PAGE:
The swarm, that in thy noon-tide beam were born ?
Gone to salute the rising morn.

• See the Norwegian Ode, that follows.

Edward the Second, cruelly butchered in Berkley Castle. u Isabel of France, Edward the Second's adulterous queen. w Triumphs of Edward the Third in France.

* Death of that King, abandoned by his children, and even robbed in his last moments by his courtiers and his mistress.

Edward, the Black Prince, dead some time before his father.

Fair ? laughs the morn, and soft the zephyr blows,
While proudly riding o'er the azure realm
In gallant trim the gilded vessel goes;
Youth on the prow, and Pleasure at the helm;
Regardless of the sweeping whirlwind's sway,
That, hush'd in grim repose, expects his evening-prey.
The bristled "boar in infant-gore
Wallows beneath the thorny shade.
Now, brothers, bending o'er th' accursed loom,
Stamp we our vengeance deep, and ratify his doom.

II. 3.

“ Fill high the sparkling bowl,
The rich repast prepare,
Reft of a crown he yet may share the feast :
Close by the regal chair
Fell Thirst and Famine scowl
A baleful smile upon their baffled guest.
Heard ye the din of battle bray,
Lance to lance, and horse to horse?
Long years of havoc urge their destin'd course,
And through the kindred squadrons mow their way.
Ye towers of Julius, London's lasting shame,
With many a foul and midnight murder fed,
Revere his d consort's faith, his father's e faine,

spare the meek 'usurper's holy head.
Above, below, the 8 rose of snow,
Twin'd with her blushing foe, we spread :

· Magnificence of Richard the Second's reign.„See Froissard, and other contemporary writers.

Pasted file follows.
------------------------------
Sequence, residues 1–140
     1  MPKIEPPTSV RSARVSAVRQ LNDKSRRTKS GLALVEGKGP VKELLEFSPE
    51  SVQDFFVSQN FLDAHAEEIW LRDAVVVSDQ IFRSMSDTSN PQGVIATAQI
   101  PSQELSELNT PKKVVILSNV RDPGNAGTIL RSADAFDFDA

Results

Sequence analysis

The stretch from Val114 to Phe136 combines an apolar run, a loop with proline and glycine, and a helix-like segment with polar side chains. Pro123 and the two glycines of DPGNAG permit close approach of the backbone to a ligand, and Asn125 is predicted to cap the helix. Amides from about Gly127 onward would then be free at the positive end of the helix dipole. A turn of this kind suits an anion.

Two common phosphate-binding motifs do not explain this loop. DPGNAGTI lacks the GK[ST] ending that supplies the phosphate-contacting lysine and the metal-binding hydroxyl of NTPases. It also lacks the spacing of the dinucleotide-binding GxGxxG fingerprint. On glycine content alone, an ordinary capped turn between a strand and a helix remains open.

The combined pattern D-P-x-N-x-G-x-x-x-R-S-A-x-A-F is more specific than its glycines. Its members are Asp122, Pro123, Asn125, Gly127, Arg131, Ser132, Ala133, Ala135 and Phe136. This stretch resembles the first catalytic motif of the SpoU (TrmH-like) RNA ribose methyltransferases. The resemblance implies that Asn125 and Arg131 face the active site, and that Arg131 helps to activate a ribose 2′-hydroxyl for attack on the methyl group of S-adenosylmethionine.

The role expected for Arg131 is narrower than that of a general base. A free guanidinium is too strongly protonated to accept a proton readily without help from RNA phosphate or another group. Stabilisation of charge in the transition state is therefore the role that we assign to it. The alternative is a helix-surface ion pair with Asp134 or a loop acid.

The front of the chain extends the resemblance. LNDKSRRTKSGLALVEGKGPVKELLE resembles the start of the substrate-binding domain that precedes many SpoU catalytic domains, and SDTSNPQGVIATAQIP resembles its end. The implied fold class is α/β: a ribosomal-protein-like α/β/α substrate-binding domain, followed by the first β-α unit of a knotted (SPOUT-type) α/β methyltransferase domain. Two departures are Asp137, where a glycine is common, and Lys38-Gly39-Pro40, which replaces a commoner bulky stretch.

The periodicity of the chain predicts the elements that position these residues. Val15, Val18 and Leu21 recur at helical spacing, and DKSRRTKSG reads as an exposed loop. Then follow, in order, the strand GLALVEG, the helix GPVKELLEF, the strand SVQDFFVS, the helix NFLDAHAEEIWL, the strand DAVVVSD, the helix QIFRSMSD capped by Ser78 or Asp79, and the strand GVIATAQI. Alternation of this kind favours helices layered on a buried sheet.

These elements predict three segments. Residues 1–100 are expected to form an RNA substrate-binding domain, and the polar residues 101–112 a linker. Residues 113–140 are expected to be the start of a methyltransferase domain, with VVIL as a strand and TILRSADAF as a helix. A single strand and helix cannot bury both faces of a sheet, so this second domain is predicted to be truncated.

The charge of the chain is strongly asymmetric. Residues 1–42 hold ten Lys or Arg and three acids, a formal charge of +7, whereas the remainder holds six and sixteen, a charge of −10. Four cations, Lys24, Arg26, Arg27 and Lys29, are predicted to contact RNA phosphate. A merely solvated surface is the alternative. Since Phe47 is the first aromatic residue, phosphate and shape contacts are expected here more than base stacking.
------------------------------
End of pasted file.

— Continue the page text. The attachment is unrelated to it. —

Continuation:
a Richard the Second, (as we are told by Archbishop Scroop and the confederate lords in their manifesto, by Thomas of Walsingham, and all the older writers) was starved to death. The story of his assassination, by Sis Piers of Exon, is of much later date.

b Ruinous civil wars of York and Lancaster.

c Henry the Sixth, George Duke of Clarence, Edward the Fifth, Richard Duke of York, &c. believed to be murdered secretly in the Tower of London. The oldest part of that structure is vulgarly attributed to Julius Cæsar.

a Margaret of Anjou, a woman of heroic spirit, who struggled hard to gare her husband and her crown.

e Henry the Fifth.

'Henry the Sixth very near being canonized. The line of Lancaster had 10 right of inheritance to the crown.

. The white and red roses, devices of York and Lancaster.

III. 1. “ Edward, lo! to sudden fate (Weave we the woof. The thread is spun.) · Half of thy heart we consecrate. (The web is wove. The work is done.”)

Stay, oh stay! nor thus forlorn Leave me unbless'd, unpitied, here to mourn: In yon bright track, that fires the western skies, They melt, they vanish from my eyes. But oh! what solemn scenes on Snowdon's height Descending slow their glittering skirts unroll ? Visions of glory, spare my aching sight, Ye unborn ages, crowd not on my soul ! No more our long-lost * Arthur we bewail. All-hail, 'ye genuine kings, Britannia's issue, hail!